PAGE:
What explains these poor outcomes? Some of the problems are common to infrastructure reform in general. Although employment in the infrastructure services sector was slashed during the reforms of the 1980s and 1990s, and labour productivity rose impressively, household consumers saw little if any benefit. The gains were swallowed up by an explosion in the numbers and pay of senior managers, by increased rates of return demanded by investors in the new and riskier and environment and by various forms of â€˜rebalancingâ€™, which typically benefitted business at the expense of households.
Other problems seem more specific to telecommunications. Policy has been driven by a series of fads. While the overriding theme has been a naÃ¯ve faith in competition, the outcome has often been to produce competition in areas where it is not needed, but not where it is.
Our poor performance in broadband is easily explained. The service of physical connection to broadband is a classic example of natural monopoly. We only need one connection, and one service is pretty much as good as another. But thanks to the nonsensical application of notions of facility-based competition, some of us have multiple physical services on offer, while others have no adequate option at all. During the great cable race of the 1990s, Telstra and Optus laid parallel networks of optical fibre reaching about half the population. Then, with the advent of full competition in 1997, they suddenly stopped. The rest of the country has had to make do with a patchwork of more or less unsatisfactory alternatives.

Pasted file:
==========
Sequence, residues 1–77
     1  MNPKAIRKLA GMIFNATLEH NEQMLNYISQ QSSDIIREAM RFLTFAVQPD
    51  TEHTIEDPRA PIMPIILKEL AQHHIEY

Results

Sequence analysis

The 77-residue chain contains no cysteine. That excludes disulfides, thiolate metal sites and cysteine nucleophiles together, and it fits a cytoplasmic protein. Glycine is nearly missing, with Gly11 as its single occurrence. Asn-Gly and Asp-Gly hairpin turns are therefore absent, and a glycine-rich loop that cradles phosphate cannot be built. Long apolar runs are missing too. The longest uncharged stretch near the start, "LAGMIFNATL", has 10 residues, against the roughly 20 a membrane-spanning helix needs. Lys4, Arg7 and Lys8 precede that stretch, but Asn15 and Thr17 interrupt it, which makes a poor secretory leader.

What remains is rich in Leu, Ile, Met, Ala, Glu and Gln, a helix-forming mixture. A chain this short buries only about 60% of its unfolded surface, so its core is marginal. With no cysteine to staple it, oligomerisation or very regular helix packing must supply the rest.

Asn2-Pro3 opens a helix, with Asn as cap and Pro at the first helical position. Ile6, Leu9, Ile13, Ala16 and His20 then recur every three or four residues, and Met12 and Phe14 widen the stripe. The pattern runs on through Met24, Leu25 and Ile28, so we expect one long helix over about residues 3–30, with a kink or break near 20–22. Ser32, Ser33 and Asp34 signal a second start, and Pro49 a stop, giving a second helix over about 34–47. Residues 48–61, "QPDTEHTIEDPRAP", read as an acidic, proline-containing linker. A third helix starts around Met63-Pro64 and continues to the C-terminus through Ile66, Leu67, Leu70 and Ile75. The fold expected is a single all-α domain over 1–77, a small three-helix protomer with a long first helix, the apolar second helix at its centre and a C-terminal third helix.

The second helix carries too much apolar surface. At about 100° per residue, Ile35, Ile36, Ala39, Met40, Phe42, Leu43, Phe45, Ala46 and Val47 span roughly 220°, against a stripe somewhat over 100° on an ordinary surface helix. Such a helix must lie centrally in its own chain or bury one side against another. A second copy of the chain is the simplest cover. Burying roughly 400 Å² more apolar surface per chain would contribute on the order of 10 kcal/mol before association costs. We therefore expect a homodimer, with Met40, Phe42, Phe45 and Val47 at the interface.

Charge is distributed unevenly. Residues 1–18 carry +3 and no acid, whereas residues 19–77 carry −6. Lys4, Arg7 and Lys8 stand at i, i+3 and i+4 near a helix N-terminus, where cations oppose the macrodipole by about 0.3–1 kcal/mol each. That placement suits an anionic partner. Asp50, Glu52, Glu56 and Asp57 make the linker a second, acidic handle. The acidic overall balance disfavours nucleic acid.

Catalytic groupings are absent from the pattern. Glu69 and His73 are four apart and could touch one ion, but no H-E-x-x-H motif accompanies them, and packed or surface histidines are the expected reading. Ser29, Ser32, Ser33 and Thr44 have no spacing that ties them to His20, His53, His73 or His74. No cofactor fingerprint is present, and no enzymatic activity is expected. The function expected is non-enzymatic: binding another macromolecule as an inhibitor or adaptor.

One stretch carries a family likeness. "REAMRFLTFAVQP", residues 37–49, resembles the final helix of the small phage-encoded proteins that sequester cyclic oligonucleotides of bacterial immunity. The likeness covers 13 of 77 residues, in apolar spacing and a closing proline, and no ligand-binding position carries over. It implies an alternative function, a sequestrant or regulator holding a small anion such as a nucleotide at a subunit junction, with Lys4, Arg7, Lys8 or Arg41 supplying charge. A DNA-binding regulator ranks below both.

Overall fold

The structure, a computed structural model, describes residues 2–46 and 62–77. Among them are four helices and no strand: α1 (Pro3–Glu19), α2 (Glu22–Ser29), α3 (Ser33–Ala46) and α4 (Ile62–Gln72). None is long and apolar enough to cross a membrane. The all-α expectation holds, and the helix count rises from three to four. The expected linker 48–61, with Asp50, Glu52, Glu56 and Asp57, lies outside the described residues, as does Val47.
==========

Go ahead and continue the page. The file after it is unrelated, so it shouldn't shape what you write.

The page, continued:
On the other hand, the provision of content to be transmitted over the networks is naturally competitive, but Telstra has been allowed to act as a vertically-integrated monopolist. The result has been that Telstra not only dominates the telecommunications sector but also pay-TV and ISP services.
The government shows no desire to clean up this mess before proceeding to full privatisation, since any sensible reform would almost certainly reduce Telstraâ€™s market value, heavily dependent on monopoly power as it is. But a privatised Telstra will be a political power to make the Murdochs and Packers look small (especially since, in most cases, it will be allied with them). If the mess isnâ€™t fixed now, it never will be.